Visiting Colorado's National Parks
There are many great mountain getaways in Colorado, but the perfect place to start is the diverse national parks that this state has to offer.
At a mere two hour drive from Denver, Rocky Mountain National Park is the most accessible of Colorado's four national parks. Rocky Mountain offers something for every outdoor enthusiast. Beautiful alpine lakes, towering mountains, and gushing waterfalls can all be viewed on a drive through the park, but more adventurous people can take a hike on the hundreds of miles of trails through Rocky Mountain. The most popular destinations in the park are Trail Ridge Road, Bear Lake, and the difficult 14,255 foot Longs Peak.
Located outside of Cortez in the southwestern tip of Colorado, Mesa Verde is a very remote national park that contains some of the best preserved American Indian dwellings in the United States. The ruins were originally built in the 13th century by the Ancestral Puebloans to take advantage of the changing seasons. The largest and most famous of these dwellings is called Cliff Palace and is a must see for all visitors. A trip to the more remote and less crowded Weatherill Mesa is a great option for anyone staying in the area for more than one day.
Black Canyon of the Gunnison National Park
Black Canyon of the Gunnison contains 12 miles of a deep, narrow canyon cut by the Gunnison River. In this short stretch of river, the water drops an average of 43 feet per mile, creating some treacherous yet beautiful rapids. The most popular visitor destination in the park is a scenic drive on the south rim of the canyon, which offers breathtaking views of the precipice below. Hiking trails lead to the bottom of the canyon, while the sheer rock of the canyon offers great technical climbing for visitors. The rapids in the Gunnison River are also a popular destination for only the most experienced kayakers.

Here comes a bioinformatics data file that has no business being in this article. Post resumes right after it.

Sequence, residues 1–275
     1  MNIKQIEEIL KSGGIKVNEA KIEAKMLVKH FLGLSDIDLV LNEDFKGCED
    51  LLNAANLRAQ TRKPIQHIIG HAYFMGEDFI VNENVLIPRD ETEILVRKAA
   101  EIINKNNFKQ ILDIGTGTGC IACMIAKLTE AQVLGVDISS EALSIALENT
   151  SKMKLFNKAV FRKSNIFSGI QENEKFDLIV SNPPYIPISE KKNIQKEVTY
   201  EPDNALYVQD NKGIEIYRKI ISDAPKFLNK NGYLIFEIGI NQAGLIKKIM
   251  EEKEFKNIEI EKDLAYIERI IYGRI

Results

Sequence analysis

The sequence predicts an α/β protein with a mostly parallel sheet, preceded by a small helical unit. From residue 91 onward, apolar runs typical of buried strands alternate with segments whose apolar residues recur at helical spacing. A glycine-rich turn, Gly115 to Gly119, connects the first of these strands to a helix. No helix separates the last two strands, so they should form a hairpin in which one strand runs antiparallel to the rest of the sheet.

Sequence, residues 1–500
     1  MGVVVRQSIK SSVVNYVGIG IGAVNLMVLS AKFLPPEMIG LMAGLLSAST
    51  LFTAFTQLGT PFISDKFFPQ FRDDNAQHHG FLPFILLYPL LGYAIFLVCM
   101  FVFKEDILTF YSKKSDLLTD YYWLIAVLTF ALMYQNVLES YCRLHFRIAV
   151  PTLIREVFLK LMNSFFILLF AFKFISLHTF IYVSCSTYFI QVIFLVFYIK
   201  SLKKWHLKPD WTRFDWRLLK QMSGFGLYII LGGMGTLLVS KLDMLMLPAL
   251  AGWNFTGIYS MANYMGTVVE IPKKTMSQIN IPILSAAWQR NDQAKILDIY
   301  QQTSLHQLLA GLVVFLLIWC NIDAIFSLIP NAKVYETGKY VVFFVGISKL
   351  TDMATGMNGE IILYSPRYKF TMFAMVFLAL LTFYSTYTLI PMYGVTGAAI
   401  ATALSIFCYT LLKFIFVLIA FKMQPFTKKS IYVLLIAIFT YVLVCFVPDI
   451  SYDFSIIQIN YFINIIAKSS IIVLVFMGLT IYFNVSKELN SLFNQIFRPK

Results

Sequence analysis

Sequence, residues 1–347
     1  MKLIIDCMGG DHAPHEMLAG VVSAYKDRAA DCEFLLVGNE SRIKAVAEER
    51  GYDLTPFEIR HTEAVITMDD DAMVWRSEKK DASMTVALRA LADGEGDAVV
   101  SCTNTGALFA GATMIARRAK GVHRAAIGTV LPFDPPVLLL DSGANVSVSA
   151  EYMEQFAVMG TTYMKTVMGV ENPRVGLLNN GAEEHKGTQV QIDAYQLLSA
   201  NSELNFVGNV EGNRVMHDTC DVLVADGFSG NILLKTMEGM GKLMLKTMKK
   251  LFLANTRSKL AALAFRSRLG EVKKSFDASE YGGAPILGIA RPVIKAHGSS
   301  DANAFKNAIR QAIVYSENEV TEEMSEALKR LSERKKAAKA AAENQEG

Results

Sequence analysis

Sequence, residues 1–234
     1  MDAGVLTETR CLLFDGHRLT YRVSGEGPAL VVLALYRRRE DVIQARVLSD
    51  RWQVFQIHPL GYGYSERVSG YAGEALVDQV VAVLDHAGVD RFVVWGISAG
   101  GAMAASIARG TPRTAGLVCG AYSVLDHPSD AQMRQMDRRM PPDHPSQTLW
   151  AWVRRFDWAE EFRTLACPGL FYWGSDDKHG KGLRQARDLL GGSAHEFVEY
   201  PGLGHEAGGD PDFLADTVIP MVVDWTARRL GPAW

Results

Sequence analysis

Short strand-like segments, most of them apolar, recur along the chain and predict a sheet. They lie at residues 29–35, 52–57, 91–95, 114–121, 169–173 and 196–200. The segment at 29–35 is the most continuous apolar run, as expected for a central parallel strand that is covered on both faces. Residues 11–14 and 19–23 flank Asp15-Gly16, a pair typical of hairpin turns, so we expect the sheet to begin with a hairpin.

The Great Sand Dunes National Park
Nestled in the Sangre de Cristo Mountains, the Great Sand Dunes offers over 19,000 acres of park space and contains North America's highest sand dune, which rises 750 feet above the San Luis Valley floor. Visitors can freely hike the dunes and can even bring a sled or snowboard for a quick ride down some steeper dunes in the park. The desert-like sand dunes seem like an anomaly sitting so deep in the Rocky Mountains, but it makes for some unforgettable vistas.